When the sex of your characters makes you novel book-breakingly different

I have just finished reading my way through Rachel Bach’s Paradox series (Fortune’s Pawn, Honor’s Knight and Heaven’s Queen). It’s a good, rollicking space opera with a tough heroine.

Devi Morris isn’t your average mercenary. She has plans. Big ones. And a ton of ambition. It’s a combination that’s going to get her killed one day – but not just yet.
Fortune’s Pawn

The first thing I did when I’d finished the books was look up Rachel Bach (who also writes as Rachel Aaron) on the internet. As readers do.

I came across a link to an interview she did with Book Smugglers, back when Fortune’s Pawn first came out, where she talks about the question

Would [Fortune’s Pawn] have been [different] if the protagonist had been a man?
The Book Smugglers, ‘Rachel Bach on Upsetting the Default

(My paraphrasing here, combining two questions.)

As she says in the article,

Well, yes. Book-breakingly so, actually. My main character, Devi Morris, is a veteran powered armored mercenary who is extremely good at what she does. As you might expect given that background, she’s cocky, aggressive, and ambitious; a career soldier with a serious ego, major trust issues, and all the subtlety of a bull in a china shop…and if she’d been a dude, I would have hated him.

The very qualities that make Devi Devi–her pride, her pigheaded refusal to back down even when outnumbered, her fierce aggression–would be macho to the point of absurdity in a male character. A guy at the top of the food chain beating his chest at the world is just obnoxious, but the same behavior from a girl who has clawed her way up the ladder on nothing but grit, talent, and ambition is brave and admirable and a little dangerous.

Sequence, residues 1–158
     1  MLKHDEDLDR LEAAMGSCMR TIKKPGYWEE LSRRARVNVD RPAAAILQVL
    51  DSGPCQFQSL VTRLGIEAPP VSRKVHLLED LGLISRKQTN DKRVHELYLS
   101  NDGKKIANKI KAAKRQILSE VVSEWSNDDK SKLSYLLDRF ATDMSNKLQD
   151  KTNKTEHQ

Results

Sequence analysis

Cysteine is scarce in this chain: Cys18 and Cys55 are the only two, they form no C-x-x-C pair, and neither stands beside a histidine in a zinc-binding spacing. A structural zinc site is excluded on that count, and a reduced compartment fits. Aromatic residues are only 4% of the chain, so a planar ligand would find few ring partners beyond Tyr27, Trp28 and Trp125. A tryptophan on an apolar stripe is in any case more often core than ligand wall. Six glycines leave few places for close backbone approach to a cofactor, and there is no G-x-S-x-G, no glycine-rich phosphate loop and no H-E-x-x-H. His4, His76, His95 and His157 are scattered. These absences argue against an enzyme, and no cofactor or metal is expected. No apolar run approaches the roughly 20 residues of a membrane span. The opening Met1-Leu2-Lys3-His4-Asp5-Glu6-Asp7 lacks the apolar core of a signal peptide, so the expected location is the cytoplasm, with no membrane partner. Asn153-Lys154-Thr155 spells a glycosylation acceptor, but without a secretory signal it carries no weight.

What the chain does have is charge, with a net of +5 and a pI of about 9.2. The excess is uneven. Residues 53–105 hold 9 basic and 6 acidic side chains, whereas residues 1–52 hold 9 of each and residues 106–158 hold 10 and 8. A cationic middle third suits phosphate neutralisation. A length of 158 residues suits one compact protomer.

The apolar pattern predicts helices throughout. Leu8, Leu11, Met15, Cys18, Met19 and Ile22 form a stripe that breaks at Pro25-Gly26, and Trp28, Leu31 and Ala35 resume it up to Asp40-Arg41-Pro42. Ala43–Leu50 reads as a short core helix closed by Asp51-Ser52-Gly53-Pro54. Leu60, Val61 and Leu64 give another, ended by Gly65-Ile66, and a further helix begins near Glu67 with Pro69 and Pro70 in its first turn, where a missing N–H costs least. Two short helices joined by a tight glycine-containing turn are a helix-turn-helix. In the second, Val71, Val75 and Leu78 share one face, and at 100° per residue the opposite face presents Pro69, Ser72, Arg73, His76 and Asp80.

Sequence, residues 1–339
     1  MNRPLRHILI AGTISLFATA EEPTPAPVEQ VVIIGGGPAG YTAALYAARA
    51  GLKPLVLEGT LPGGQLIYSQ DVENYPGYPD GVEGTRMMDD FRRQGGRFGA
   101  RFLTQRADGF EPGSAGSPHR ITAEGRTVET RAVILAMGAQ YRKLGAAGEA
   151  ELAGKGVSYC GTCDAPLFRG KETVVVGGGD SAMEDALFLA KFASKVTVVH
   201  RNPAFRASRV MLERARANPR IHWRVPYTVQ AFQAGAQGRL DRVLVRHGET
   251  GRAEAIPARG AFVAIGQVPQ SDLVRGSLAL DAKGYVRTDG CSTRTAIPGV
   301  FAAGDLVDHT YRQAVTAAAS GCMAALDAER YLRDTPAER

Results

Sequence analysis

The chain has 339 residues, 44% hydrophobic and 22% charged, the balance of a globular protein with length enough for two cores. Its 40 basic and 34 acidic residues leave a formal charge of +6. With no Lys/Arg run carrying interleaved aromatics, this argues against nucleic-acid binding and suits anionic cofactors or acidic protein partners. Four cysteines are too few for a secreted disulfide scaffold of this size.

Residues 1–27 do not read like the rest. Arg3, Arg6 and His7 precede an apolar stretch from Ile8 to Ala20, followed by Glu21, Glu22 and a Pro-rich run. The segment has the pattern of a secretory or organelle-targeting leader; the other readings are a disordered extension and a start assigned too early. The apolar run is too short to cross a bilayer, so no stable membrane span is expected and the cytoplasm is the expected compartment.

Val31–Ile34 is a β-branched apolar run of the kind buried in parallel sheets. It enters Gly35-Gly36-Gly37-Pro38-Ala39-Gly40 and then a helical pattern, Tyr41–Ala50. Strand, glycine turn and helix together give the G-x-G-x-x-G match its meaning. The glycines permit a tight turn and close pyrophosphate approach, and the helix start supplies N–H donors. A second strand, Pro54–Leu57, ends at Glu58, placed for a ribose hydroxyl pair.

The Book Smugglers, ‘Rachel Bach on Upsetting the Default

She is so right.

Book-breakingly right.

Daniel Swenson talked about how changing the sex of his protagonist from male to female

… changed Orison from a book I thought was merely okay to one I’m really quite proud of. Even my editor said, rather emphatically, “Story could never be a man! Story as a man = boring. Story as a woman = awesome.”

Daniel Swenson, Why I gender flipped my protagonist

Book-breakingly right again.

Amie Kaufman and Meagan Spooner, who are writing the Starbound trilogy, sometimes gender flip some of their characters to avoid stereotypes.

“What we do is go through every single character, gender-flip them and then just ask: ‘Does this bug us?'”

Marama Whyte, ‘These Broken Stars’ author Aime Kaufman on the power of gender-flipping characters

Back when we first sent Linesman off to our agent one of the first suggestions she came back with was, “Have you considered making [major secondary character] female instead of male?”

After a bit of angst (i.e. me saying “No way,” and Sherylyn saying, “That’s not a bad idea, why don’t we try it”) we did.

Now, of course, we cannot imagine this particular character as a male. A male in that position would weaken the whole story, by making it so much more just like every other story out there.

Sometimes an ordinary story can be made so much better by cutting some of the stereotypes that bind us.

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